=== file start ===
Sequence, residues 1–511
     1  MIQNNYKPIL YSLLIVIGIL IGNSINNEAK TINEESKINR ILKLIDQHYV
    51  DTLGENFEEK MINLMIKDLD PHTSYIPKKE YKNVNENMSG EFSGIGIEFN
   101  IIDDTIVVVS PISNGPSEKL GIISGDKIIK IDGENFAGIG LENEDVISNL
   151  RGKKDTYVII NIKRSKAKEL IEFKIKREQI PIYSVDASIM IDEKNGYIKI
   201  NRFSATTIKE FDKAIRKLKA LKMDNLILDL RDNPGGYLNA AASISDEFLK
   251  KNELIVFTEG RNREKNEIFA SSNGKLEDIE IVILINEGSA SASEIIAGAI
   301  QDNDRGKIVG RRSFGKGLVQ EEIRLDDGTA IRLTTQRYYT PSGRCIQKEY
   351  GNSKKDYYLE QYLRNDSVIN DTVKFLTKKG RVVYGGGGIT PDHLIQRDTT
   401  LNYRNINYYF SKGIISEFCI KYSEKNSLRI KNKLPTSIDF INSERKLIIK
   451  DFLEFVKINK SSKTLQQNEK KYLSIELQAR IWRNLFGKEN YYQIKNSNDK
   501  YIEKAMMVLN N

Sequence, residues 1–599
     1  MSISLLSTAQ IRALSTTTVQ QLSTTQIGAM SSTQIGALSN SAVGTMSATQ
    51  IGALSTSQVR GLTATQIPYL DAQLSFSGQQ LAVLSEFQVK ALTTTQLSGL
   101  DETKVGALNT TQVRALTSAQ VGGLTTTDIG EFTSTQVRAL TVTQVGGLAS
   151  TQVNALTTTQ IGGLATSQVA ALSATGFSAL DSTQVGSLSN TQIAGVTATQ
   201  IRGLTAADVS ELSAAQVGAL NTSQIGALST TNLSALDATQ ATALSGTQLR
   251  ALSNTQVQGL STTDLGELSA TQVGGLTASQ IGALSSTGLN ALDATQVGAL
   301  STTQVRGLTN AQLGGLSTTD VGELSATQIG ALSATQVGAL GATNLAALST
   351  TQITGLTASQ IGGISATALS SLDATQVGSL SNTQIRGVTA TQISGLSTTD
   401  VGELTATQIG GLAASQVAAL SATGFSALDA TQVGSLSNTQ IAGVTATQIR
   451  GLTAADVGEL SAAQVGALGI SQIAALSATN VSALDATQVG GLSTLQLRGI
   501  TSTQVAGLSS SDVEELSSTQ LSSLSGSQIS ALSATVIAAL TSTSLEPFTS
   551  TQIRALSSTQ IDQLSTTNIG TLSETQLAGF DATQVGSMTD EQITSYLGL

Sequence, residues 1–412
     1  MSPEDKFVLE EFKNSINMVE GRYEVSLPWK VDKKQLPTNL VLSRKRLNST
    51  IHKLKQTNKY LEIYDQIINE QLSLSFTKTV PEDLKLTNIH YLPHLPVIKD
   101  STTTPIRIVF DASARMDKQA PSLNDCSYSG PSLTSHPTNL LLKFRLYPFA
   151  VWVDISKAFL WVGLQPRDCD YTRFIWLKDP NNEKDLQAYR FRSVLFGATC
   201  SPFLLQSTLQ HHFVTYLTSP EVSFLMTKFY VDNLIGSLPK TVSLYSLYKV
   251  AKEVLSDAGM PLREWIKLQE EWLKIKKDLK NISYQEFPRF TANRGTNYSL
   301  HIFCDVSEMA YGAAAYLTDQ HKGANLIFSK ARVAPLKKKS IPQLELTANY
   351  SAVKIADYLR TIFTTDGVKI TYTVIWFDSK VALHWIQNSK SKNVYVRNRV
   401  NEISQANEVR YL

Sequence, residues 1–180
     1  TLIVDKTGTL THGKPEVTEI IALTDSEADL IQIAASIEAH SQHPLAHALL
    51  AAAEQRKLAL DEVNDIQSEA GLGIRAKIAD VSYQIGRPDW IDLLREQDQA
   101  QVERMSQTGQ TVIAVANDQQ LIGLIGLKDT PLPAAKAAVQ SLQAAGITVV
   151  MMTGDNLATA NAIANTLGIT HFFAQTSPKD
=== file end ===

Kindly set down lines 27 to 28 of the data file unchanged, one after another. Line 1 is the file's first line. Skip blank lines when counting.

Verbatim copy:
     1  MSPEDKFVLE EFKNSINMVE GRYEVSLPWK VDKKQLPTNL VLSRKRLNST
    51  IHKLKQTNKY LEIYDQIINE QLSLSFTKTV PEDLKLTNIH YLPHLPVIKD